Physical examination

The disease is typically characterized by early-onset drusenoid deposits presenting at the posterior pole, peripapillary area, center of the macula, and along vascular arcades. The deposits are characteristically described as multiple "radially elongated" or "honeycomb pattern" small drusen in early stages, but can become indistinguishable from deposits in advanced AMD in later stages as they become larger and more confluent. Involvement nasal to optic disc is a typical feature. Pigmentary changes often occur as the disease progresses . CNVM can form, with subsequent scarring, and in advanced stages geographic atrophy can occur in the areas of confluent drusen. Early stages may have bilateral symmetric basal laminar drusen.

Doyne Honeycomb fundus photo - Courtesy of Dr. Marc Mathias
Notice the radially elongated drusen temporally that is characteristic of DHRD - Courtesy of Dr. Marc Mathias


Spectral domain optical coherence tomography (SD-OCT) imaging can reveal focal dome-shaped, saw-tooth, or diffuse hyperreflective deposits with elevation between the RPE and Bruch's membrane, usually becoming more confluent over time[11]. Early in disease, the outer retina (photoreceptors) may remain intact, but later stages can show variable or diffuse ellipsoid zone loss, as well as outer and inner segment disruption. OCT can also reveal hypo-reflective fluid from a corresponding neovascular membrane. Diffuse retinal atrophy can be seen in later stages, however outer retinal changes are not often seen outside of areas with sub-RPE changes[12].

OCT of the same patient, showing drusenoid deposits between the RPE and Bruch's, with areas of overlying outer retinal atrophy. Courtesy of Dr. Marc Mathias

Fundus autofluorescence (FAF) can reveal hypo or hyper-autofluorescence of drusen, with one study showing larger drusen were more typically hyper-autofluorescent [11]. This increased autofluorescence associated with drusen in DHRD (and in other genetic drusen forming maculopathies) seems to be in contrast to typical drusen of AMD, where there is generally little correspondence between distribution of drusen and FAF[11][13]. Central areas may be hypo-autofluorescent due to central geographic atrophy and loss or dysfunction of RPE.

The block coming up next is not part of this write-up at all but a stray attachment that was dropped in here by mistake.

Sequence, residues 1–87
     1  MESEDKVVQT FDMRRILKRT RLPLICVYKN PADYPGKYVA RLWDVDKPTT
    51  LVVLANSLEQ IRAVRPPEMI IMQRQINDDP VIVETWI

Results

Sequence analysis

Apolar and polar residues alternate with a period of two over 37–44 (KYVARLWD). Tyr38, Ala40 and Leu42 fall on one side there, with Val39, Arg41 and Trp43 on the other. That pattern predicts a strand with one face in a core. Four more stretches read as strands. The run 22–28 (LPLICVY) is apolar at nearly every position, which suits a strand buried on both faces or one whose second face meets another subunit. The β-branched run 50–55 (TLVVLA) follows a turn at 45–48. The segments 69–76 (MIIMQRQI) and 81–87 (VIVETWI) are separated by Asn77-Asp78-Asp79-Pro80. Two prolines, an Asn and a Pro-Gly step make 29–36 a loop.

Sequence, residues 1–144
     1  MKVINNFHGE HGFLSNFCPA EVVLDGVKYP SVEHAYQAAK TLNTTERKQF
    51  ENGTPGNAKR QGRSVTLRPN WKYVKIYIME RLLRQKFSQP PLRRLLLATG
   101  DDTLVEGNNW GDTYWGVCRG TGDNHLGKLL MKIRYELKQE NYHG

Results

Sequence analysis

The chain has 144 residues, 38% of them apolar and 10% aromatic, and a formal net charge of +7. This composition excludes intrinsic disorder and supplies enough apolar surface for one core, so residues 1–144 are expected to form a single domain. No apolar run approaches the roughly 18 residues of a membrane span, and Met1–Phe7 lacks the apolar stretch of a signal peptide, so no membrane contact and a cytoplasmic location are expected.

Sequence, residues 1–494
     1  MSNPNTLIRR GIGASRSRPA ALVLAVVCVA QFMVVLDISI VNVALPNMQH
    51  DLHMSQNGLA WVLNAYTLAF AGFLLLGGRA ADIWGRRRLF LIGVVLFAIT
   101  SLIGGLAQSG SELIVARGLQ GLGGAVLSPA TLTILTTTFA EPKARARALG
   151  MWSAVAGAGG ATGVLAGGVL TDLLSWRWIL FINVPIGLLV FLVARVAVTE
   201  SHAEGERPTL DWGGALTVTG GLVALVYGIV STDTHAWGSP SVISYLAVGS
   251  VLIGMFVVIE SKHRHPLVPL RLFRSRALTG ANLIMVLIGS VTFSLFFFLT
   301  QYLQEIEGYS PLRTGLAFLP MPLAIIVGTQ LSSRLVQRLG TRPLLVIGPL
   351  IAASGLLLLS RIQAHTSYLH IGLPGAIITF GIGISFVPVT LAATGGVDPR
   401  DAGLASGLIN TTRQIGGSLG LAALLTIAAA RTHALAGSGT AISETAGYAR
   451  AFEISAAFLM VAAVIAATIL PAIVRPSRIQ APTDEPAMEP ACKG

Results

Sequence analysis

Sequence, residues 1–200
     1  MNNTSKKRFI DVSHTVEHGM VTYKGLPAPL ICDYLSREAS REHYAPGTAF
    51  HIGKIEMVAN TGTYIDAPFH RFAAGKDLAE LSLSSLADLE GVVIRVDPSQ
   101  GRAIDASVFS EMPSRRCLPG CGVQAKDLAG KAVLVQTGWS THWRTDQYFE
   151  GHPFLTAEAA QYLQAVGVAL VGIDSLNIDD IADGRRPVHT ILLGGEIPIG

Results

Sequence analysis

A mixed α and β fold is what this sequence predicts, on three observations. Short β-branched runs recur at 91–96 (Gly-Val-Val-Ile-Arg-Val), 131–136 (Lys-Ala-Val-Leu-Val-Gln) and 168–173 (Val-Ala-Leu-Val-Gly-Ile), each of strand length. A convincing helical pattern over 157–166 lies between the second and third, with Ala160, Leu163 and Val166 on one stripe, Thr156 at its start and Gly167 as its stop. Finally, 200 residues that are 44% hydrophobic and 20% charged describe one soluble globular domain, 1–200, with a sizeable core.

Fluoroscein angiography (FA) can reveal presence of CNVM with leakage, and large drusen are typically hyper-fluorescent in late stages[11]. Variable hypo or hyperfluorescence can be seen in areas of pigmentary changes, atrophy, and scarring. Indocyanine green angiography (ICG) can also be used to differentiate between two types of drusen. This imaging modality has shown different patterns of staining between large central drusen and small radial drusen. Large central drusen initially present as hypofluorescent, and then become hyperfluorescent spots surrounded by halos of hypofluorescence in the late phases. Small radial drusen on the other hand, present with hyperfluorescence in early phases and decreased fluorescence in late phases. [14]

OCT-A is also a useful imaging modality that can be used in visualization of DHRD. Choriocapillaris segmentation of OCT-A in DHRD patients has shown a hyperflow signal corresponding to active choroidal neovascularization. [15]

Genetic Testing

Patients with suspected DHRD or any early onset maculopathy should be considered for genetic testing, which can confirm mutation of the EFEMP1 gene. There are several commercially available genetic tests for inherited retinal diseases and dystrophies. A list of these tests can be found via the NCBI genetic testing registry below.

Differential diagnosis

Differential diagnosis of any patient with early-onset drusen should include any of the hereditary maculopathies and pattern dystrophies:

  • Stargardt Disease
  • Autosomal Dominant Stargardt-Like Macular Dystrophy
  • North Carolina Macular Dystrophy
  • Sorsby Fundus Dystrophy: Fully penetrant autosomal dominant disease caused by variants in the tissue inhibitor gene metalloproteinases-3 (TIMP3) forming drusen like deposits at the BM and later CNV, usually sparing the peripheral retina. Patients may have difficulty with dark and color vision prior to losing central vision and usually experience severe vision loss in their 4th and 5th decades of life. Intravitreal VEGF injections are used to delay visual loss.[16]
  • Best Disease
  • Pattern Dystrophies
  • Age-related Macular Degeneration (if presenting at more advanced age)


Currently, there is no genetic or targeted therapies to correct the underlying EFEMP1 genetic mutation in DHRD.

Typically, patients with DHRD are managed conservatively with observation, unless a CNVM develops.

CNVM in DHRD is typically treated with a series of intravitreal anti-VEGF injections[17]. Anti-VEGF injections such as Bevacizumab have been shown to improve vision and resolve subretinal fluid. [18]

Another treatment option is the use of lasers to clear drusen deposits. One study showed that low-energy argon laser treatment improved visual acuity and retinal sensitivity, and decreased drusen volume. Additionally, another case report showed functional improvement using sub threshold retinal laser in a patient with DHRD [19][20].